(RNS) Palestinians have a saying: When your occupier is your judge and your jury, where do you go for justice?
To understand this, look no further than the story of Rasmea Odeh.
Odeh was convicted of participating in two bombings in Israel after a confession she says was made under torture and sexual abuse, including in front of her father.
For me it is simple: I believe her.
I believe a trusted and beloved community leader, not an Israeli military court — especially given the 99.74 percent conviction rate that Israeli military courts in the occupied Palestinian territories are reported to have.
But the energy with which my organization, Jewish Voice for Peace, is being attacked for inviting her to speak at our national membership meeting this weekend (March 31-April 2) in Chicago is truly alarming.
I shouldn’t be surprised by this harassment and demonization of a Palestinian elder who has faithfully served her community for decades. The attacks on Odeh come in the context of long-standing anti-Palestinian, anti-Arab and anti-Muslim policies both in Israel and in the U.S. These policies are intensifying under the Trump administration.
And Jews are not immune from participating, and at times initiating and fueling, Islamophobia.
I am not proud to admit it, but I believe it is important that I do so: The Jewish community that educated me also taught me to hate. I recently found a note I wrote my parents from my Jewish summer camp when I was 11 years old. I wrote to them “Camp is great. We played Arab-Israeli war today. I had to be an Arab (frowny face) but luckily I got ‘killed’ and we lost.”
When I wrote that note I had not ever met, spoken with or known a single Arab.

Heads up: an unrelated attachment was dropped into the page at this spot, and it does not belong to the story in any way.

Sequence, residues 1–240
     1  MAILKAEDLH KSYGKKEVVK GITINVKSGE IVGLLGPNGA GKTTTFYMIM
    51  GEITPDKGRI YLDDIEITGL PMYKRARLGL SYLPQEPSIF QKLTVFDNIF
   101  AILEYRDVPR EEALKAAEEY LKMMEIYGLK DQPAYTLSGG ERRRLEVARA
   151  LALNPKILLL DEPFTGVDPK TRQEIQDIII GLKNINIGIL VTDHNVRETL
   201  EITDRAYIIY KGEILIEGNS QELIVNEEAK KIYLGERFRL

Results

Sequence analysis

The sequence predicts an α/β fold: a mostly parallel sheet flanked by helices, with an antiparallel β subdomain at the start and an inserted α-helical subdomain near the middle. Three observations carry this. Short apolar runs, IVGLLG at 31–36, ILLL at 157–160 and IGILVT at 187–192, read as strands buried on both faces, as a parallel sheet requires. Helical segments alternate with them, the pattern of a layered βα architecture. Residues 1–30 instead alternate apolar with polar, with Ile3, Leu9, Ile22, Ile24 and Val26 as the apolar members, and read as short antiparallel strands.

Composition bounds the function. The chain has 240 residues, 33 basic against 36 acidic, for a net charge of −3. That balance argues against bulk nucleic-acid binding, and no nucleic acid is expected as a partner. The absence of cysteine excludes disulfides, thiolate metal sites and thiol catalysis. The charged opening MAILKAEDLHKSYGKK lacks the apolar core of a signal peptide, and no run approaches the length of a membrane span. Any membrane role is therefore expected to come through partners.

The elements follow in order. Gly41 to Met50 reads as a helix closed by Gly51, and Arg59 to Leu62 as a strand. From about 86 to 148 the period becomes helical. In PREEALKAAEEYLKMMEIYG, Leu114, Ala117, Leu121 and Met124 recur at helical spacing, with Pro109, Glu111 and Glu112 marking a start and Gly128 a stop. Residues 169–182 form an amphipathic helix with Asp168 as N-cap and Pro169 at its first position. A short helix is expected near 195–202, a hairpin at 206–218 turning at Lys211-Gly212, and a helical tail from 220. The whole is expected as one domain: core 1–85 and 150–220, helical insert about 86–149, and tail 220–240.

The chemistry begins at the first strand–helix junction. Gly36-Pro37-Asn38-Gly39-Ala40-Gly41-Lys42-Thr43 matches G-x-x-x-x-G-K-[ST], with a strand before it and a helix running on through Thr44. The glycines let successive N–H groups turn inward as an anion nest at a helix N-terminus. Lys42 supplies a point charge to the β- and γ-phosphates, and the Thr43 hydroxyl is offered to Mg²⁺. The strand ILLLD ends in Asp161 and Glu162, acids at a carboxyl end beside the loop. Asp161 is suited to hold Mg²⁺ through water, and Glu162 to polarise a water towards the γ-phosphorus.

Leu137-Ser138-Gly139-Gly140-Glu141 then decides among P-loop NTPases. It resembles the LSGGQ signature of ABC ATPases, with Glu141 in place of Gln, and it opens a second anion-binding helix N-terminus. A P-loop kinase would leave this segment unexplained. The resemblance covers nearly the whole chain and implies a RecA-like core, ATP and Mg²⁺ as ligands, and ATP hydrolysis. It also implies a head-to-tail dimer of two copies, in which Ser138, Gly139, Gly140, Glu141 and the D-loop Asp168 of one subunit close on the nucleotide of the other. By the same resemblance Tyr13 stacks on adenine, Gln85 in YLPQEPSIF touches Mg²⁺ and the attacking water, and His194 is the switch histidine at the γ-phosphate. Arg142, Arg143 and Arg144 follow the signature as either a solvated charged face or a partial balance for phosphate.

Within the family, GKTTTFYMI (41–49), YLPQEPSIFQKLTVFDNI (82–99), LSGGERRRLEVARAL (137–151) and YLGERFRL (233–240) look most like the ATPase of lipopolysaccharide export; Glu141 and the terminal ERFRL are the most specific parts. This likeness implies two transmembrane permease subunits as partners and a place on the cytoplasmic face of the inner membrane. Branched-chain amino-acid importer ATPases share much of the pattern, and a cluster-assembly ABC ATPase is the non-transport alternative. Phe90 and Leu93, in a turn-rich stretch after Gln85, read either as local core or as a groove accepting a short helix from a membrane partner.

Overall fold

Now that I am a mother, I could not be prouder that my kids are being raised in a Jewish environment that prioritizes listening to and partnering with those harmed by systems of oppression. I am proud that next weekend my family will join me at JVP’s national convention to hear from leaders from the Movement for Black Lives, the Women’s March, Standing Rock, Muslim communities, immigrant communities and, of course, Palestinians.
I don’t take lightly the enormity of the loss to the victims of the bombing that took place in 1969 that Odeh is alleged to have been involved in. I hear and feel their grief. I do this work out of a deep reverence for all life. At Jewish Voice for Peace we condemn all forms of violence against civilians.
Torture has no place here in the U.S. or in Israel or the occupied Palestinian territories. Neither do the coerced confessions that torture produces.
The way Odeh is being targeted and harassed is deeply Islamophobic. It plays into the “war on terror” rhetoric that defines all Muslims as terrorists. The kind of continuing persecution she faces is both a reminder and a warning of the tactics used by the U.S. and Israel. We stand for the victims of torture and against the torturers.
As a Jew, a rabbi and deputy director at Jewish Voice for Peace, I take seriously that we must be part of creating cultures and societies centered on justice. The work I do is inspired by the Jewish education I got from my Jewish day school and summer camps, and of course my rabbinical training. It is because of the strong ethical imperatives woven into every element of living a Jewish life: how we pray, how we mourn, how we forgive, how we eat, how we engage with text and history.
We are proud to be a Jewish organization that is rooted in love for people and love for community. That is who we are, why we do this work and how we have become one of the fastest-growing Jewish organizations in the United States.
For the past 18 years I have been organizing for justice for Palestinians, and I have had that time to reflect on the question: When your occupier is your judge and jury, where do you go for justice? And I have an answer. We go to communities of conscience and integrity. We go to each other.
(Rabbi Alissa Wise is deputy director at Jewish Voice for Peace)